(obviously, if you’re squeamish about slugs you should avoid this post)
It rained last night, and we woke up to overcast skies and the occasional light drizzle.
Rain or no rain, a farm still has to run, and it was fruit harvesting day, so after breakfast Mum put me on to picking limes. The lime trees sit on the edge of the farm, on the rough slope where the flat bed of the valley rises steeply up into rocky valley walls. Picking the limes involves scrambling amongst the rocks, peering up into the tree and using a grab-and-twist picker to bring down the ripest fruit.
Last year the limes got pruned, and some of the cut branches were left sitting under the trees, a tangle of delicate stems and sharp thorns.
Climbing up amongst the rocks towards the lime tree, I discovered what happens to dead lime branches on moist*, damp days.
They get covered in slugs. Covered. Like over-decorated Christmas trees, only with brown, slimey garlands, instead of lovely silver tinsel.
Slugs, it seems, just can’t resist the delicious flavour of decomposing lime bark, and on cool wet days they climb up onto the branches to feast on it.
Slugs are bad news for vegetables, but great news for ducks. Slugs are one of the duck’s favourite foods, and they are great for them: full of protein that the ducks turn into delicious eggs, or adorable ducklings. The farm has both Khaki Campbells and Muscovy ducks (and, at the moment, more than a dozen ducklings of each variety – happiness!).
Out on the flats of the farm the ducks can forage for their own slugs: clearing out one area, and then being moved to the next garden that is having a rest between crops. Unfortunately the hillside is too rocky and irregular to build a duck pen on, so we have to take the slugs to them. Which means collecting them.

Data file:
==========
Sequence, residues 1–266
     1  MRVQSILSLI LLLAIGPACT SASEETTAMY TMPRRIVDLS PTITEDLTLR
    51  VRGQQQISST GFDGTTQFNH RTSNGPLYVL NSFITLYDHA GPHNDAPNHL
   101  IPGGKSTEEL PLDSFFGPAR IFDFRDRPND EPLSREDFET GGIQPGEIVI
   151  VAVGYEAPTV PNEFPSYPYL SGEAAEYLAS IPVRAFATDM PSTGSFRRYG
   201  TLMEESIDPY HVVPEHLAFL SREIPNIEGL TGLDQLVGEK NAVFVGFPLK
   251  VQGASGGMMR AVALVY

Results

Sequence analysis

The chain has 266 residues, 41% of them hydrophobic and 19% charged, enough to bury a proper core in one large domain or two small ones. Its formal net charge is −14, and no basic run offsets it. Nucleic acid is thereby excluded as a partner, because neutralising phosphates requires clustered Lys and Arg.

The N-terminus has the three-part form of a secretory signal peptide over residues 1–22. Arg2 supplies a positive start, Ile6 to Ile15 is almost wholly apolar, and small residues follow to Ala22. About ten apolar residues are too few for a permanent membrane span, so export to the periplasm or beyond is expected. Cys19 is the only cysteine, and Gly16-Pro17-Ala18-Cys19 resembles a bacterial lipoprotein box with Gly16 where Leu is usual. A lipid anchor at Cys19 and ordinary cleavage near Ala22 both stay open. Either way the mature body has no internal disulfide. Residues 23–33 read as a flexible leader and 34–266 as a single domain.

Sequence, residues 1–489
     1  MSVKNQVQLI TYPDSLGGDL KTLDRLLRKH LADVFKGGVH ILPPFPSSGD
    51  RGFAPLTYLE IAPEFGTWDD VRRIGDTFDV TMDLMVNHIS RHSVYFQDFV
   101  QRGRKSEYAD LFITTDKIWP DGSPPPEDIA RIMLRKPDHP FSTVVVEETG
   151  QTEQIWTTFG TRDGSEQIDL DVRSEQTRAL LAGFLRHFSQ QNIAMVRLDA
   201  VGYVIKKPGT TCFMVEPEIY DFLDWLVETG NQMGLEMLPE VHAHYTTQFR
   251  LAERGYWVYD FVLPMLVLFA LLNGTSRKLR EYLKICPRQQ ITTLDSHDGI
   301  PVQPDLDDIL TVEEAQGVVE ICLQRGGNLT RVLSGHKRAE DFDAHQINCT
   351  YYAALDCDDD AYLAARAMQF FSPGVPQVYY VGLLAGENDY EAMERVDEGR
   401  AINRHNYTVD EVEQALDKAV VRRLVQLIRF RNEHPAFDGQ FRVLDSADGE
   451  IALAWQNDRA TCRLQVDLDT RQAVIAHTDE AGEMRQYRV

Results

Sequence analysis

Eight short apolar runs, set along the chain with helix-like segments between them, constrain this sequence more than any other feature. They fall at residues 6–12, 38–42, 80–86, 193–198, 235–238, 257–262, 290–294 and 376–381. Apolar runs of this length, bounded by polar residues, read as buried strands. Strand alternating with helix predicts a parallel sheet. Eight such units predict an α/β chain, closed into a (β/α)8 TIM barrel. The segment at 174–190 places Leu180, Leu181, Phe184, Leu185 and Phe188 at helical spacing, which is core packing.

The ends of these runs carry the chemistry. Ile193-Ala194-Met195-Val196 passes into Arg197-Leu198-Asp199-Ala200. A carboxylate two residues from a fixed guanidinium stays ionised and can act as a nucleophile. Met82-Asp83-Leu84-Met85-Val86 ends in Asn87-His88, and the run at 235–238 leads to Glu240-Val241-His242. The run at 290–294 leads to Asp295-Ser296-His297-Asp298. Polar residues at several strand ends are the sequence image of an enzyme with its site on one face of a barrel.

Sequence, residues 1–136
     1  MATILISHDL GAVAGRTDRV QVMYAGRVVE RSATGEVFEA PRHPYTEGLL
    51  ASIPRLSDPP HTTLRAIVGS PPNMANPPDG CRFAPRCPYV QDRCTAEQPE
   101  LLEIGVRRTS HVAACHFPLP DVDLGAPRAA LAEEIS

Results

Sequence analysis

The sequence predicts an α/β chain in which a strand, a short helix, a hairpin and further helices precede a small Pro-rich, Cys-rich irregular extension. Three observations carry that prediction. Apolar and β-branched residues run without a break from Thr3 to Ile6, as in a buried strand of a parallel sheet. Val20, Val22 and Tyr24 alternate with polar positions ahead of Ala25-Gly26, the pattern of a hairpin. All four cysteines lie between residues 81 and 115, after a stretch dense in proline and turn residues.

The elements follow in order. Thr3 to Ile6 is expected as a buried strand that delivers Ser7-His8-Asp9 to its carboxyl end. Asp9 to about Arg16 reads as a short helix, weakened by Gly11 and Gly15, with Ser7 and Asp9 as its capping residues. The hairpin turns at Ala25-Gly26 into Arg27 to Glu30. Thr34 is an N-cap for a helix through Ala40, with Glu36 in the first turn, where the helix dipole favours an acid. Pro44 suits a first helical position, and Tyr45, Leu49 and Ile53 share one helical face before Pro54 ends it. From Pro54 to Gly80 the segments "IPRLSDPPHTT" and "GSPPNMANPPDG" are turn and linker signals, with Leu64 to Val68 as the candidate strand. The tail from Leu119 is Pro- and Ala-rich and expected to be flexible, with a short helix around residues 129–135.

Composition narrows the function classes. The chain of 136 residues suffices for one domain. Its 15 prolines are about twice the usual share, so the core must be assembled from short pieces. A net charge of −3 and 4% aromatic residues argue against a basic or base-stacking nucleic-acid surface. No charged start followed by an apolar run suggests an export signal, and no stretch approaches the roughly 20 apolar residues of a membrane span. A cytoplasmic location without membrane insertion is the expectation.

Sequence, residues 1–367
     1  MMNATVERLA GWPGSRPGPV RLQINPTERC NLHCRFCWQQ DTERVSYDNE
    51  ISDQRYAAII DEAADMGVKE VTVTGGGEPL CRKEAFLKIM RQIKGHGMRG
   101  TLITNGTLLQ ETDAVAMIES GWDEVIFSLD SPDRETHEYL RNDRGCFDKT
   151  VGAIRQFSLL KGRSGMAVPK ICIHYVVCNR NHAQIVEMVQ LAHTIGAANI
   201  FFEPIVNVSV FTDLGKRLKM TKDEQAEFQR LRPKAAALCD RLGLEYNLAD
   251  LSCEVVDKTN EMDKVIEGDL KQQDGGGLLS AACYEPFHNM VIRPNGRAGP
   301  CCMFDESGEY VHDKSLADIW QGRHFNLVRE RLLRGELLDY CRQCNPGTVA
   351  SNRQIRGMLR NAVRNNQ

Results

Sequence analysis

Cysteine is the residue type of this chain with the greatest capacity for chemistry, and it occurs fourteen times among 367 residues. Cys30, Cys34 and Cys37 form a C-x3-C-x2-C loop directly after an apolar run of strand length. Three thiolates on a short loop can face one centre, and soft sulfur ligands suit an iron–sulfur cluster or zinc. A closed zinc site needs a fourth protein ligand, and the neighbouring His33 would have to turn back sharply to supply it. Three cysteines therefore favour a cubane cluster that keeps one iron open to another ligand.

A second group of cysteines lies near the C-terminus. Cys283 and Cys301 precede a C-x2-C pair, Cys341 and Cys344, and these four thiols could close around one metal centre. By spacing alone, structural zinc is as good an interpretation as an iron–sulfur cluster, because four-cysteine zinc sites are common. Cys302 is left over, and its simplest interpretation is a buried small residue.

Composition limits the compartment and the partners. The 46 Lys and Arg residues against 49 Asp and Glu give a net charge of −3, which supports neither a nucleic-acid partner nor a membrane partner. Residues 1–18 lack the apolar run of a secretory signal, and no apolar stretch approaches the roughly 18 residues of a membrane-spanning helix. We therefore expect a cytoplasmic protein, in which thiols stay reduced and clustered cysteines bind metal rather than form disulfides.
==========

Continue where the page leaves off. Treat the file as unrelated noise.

Do you know how we collect slugs?
One by one, using kitchen tongs.**
Slugs carry salmonella and other really bad diseases (rat lung disease in Hawaii), so you DO NOT want to touch them (and the most common variety of snails in Hawaii is highly toxic, so don’t touch them either). So tongs let you pick them up without touching them.
So I fetched the slug tongs, and a couple of old yoghurt containers with lids, and set to work on my ‘harvest’.
Collecting slugs that are wrapped around cut branches is one of the most revolting, but weirdly feel-good (after all, you are getting rid of a pest and making a pet/farm animal happy) things I have ever done.
Slugs are not attractive creatures, and as I disturbed the branches slightly in pulling them off the less -firmly attached slugs lost their hold and fell to the ground, so every particularly good tug was accompanied by a soft rain of slugs hitting the leaf mold below.
Thud, thud, thud.
Let’s just say that a rain of slugs is a life experience I could do without (even if the branches were all in front of me, and ended at waist height, so there was no chance the slugs would actually rain down on me).
When I do things that my brain is not happy about, I distract it with a monologue of exactly how unhappy it is about said thing, so it can’t focus on the thing, and freak out.
In this case it went like this:
“Gross, gross, gross, gross, GROSS…So gross…Ewwww, ewww, ewww, gross…Gross, yuck, yuck, gross….Gross grossers von grossikins….so, SO gross….so, so, SO gross…oh, the grossness….Total grossness….a totallity of gross…grossus maximus…grooooooosssssss…welcome to the People’s Republic of Grossistan….oh gross….yuck, yuck, yuck gross…”
And then the my little monologue on the current level of grossosity in my vicinity was interrupted by a bloodcurdling scream. My mother, hurrying to find the reason, was relieved and nonplussed to be informed that it was occasioned by the discovery that a slug had landed on my hand.***
Errant slug flicked into the container, times I intended to wash my hands when done mentally tripled, and the area of skin I’d be washing extended up my arms another 10 inches, I resumed my slug collecting duties, and my discussion of exactly how gross what I was doing was.